CSRF and DNS rebinding are basically both cross-site request, but done differently and targeted against different protection mechanisms.
With CSRF the browser is aware that this is a cross-site request. This means that the Same Origin Policy will be applied. Thus, the request will be executed and will usually also include the cookies for the target site (i.e. kind of authenticated) but the attacker will not be able to read the response.
With DNS rebinding the browser is not aware that this is a cross-site request since the DNS name stays the same and only the target IP address changes. This means that no Same Origin Policy will be applied and thus the attacker can read the response. But, the browser will also not send any credentials and cookies for the real target server since it accesses the server with a different domain name than usual (the attacker controlled name instead of the real domain name) - and credentials and cookies are bound to a domain and not an IP address. This means that the request will not be authenticated automatically.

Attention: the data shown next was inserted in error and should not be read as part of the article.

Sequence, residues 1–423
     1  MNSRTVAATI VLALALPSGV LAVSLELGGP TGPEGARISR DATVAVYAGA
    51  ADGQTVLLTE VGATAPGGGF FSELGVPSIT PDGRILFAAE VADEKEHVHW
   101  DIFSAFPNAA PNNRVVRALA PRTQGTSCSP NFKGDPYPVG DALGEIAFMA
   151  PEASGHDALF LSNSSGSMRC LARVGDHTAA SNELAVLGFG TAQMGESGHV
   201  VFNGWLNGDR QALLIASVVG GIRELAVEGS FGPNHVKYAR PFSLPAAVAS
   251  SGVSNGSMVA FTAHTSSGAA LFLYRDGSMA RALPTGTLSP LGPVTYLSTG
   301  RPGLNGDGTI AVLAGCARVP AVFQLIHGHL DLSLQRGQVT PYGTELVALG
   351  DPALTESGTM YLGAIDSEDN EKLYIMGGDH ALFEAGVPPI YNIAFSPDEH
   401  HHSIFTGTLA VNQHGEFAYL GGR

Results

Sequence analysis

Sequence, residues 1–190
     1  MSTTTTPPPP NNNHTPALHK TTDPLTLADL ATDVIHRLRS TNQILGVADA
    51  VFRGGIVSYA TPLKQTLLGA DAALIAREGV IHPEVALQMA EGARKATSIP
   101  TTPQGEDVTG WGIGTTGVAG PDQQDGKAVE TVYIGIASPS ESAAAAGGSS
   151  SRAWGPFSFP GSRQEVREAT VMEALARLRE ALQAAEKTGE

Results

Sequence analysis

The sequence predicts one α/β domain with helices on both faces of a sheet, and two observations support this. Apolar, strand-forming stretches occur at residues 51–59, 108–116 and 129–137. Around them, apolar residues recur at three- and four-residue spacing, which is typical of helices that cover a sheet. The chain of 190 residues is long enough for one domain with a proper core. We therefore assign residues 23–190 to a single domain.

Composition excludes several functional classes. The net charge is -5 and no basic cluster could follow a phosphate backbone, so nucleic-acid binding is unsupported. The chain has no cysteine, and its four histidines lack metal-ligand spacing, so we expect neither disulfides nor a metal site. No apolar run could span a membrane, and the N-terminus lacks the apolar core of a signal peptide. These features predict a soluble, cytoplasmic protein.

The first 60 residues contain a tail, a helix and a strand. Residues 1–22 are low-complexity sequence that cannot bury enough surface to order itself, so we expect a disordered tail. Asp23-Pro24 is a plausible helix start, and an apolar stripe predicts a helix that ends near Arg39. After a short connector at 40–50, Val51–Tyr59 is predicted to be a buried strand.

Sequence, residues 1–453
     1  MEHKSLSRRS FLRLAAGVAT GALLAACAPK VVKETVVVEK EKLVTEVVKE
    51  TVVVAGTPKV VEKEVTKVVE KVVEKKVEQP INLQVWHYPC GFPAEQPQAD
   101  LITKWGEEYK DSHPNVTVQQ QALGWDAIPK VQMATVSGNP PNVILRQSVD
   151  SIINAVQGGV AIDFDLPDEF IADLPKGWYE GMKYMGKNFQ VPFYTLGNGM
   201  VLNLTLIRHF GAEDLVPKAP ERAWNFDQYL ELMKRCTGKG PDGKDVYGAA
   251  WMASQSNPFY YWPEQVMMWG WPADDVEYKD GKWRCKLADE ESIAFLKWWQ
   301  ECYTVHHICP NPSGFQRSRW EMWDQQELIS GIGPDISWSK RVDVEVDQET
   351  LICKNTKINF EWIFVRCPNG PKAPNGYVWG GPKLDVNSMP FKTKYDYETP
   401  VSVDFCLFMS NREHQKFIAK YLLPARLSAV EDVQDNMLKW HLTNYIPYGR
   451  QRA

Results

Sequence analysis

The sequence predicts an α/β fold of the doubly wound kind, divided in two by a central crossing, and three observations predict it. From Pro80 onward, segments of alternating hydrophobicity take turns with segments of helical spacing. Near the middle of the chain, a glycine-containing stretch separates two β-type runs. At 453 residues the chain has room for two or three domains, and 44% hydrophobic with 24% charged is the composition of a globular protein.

CSRF tokens will help in both cases since the attacker does not have access to the proper tokens. In case of CSRF it also helps if the servers checks the origin of the request (i.e. Referer and Origin header) while in case of DNS rebinding the server should verify that the value of the Host header is actually the server itself instead of an attacker-controlled domain.